Yesterday, as Secretary of Defense Robert Gates issued more lenient guidelines for enforcing Don’t Ask, Don’t Tell, General James Conway — Commandant of the U. S. Marine Corps — reiterated his opposition to repealing the policy and told Military.com he will insist that the Marines have the option of not living alongside gay servicemembers:
CONWAY: We just think that our corps will not want to see it changed. If it is changed, it’s going to require some leadership, engaging, to ensure our order are carried out. It’s going to require some resources. Because right now we billet by twos. We’re the only service that billets by twos. We like that, we want to continue doing that. But I would not ask our Marines to live with someone who is homosexual, if we could possibly avoid it. And to me, it means we have to build BEQs [Bachelor/Base Enlisted Quarters] that have single rooms.
QUESTION: Why not, why wouldn’t you let them live with someone who’s homosexual?
CONWAY: Well, ah. I think, I think, one I would, in this case, want to preserve the right of a Marine who thinks he or she wouldn’t want to do that. Okay? And again, that’s the overwhelming number of people that say they wouldn’t like to do so.
Marines are forced to do and live in a whole host of disagreeable conditions and it’s unclear why Conway wants to preserve Marine choice “in this case,” particularly since “men and women of all races, religions, and values train together, sleep in extremely close quarters, and eat in the same mess halls without detriment to unit cohesion or military effectiveness.” Living with a gay servicemember, however, is apparently so insidious that Conway must carve out a special exemption for those Marines who “wouldn’t want to do that.”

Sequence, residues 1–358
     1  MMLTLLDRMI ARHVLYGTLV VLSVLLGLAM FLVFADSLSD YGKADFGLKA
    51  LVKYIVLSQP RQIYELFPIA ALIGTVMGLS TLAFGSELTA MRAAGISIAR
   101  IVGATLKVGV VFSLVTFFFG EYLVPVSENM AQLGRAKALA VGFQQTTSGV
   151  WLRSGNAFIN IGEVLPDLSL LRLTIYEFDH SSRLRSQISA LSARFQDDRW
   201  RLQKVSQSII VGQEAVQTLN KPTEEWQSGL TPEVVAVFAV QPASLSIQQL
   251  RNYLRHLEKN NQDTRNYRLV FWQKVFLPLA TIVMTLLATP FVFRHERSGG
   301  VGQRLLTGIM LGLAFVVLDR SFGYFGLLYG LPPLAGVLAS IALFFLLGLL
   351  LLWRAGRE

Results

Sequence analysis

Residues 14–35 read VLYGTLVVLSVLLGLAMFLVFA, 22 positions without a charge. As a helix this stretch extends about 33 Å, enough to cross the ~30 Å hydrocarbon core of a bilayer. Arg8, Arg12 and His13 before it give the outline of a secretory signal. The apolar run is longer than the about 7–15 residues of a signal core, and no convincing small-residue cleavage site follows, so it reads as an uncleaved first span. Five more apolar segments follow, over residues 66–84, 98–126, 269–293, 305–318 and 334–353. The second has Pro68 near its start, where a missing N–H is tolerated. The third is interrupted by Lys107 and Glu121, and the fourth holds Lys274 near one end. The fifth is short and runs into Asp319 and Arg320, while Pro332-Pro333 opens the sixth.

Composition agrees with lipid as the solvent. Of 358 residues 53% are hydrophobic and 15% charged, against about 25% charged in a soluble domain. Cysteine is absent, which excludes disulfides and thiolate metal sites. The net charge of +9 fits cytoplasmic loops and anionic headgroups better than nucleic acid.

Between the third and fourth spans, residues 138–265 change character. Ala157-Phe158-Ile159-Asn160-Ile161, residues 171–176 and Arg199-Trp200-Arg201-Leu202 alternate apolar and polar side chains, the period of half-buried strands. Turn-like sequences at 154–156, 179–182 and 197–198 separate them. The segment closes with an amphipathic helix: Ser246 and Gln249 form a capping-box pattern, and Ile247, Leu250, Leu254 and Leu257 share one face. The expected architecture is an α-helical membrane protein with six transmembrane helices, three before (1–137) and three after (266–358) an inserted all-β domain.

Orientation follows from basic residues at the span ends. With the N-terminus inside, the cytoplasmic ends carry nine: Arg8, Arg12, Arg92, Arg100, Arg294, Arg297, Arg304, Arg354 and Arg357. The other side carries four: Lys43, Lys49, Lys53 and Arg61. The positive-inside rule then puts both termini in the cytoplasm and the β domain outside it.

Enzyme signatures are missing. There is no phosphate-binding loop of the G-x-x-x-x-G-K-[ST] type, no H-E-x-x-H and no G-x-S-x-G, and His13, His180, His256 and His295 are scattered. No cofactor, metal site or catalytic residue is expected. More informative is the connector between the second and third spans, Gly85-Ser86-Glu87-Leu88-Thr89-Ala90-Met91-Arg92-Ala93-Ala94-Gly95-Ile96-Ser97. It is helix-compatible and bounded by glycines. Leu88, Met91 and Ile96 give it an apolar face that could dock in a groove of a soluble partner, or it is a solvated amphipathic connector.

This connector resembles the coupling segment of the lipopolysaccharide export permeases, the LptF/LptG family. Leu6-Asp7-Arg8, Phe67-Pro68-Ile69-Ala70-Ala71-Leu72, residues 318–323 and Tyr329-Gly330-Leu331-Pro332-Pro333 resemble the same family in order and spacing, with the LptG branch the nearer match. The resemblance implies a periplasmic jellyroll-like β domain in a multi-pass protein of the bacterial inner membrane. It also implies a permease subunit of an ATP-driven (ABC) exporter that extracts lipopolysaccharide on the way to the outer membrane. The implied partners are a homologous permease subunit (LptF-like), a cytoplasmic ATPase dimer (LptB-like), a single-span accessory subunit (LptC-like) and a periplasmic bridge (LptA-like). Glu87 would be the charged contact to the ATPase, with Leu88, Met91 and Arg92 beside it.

Should his request be granted, the United States will become the only nation (of the 25 that have dropped the ban) that segregates its servicemembers on the basis of sexual orientation. As Larry Korb argues in this new report, “the militaries of Great Britain, Canada, and Israel amply demonstrate that lifting the ban on openly gay service will not require the U.S. military to provide separate housing, shower, or other common-use facilities for gay and lesbian service members.” In fact, even General Carl Mundy, commandant of the Marine Corps from 1991 to 1995 and an opponent of a repeal, has predicted that segregating the forces “would be absolutely disastrous in the armed forces. …It would destroy any sense of cohesion or teamwork or good order and discipline.”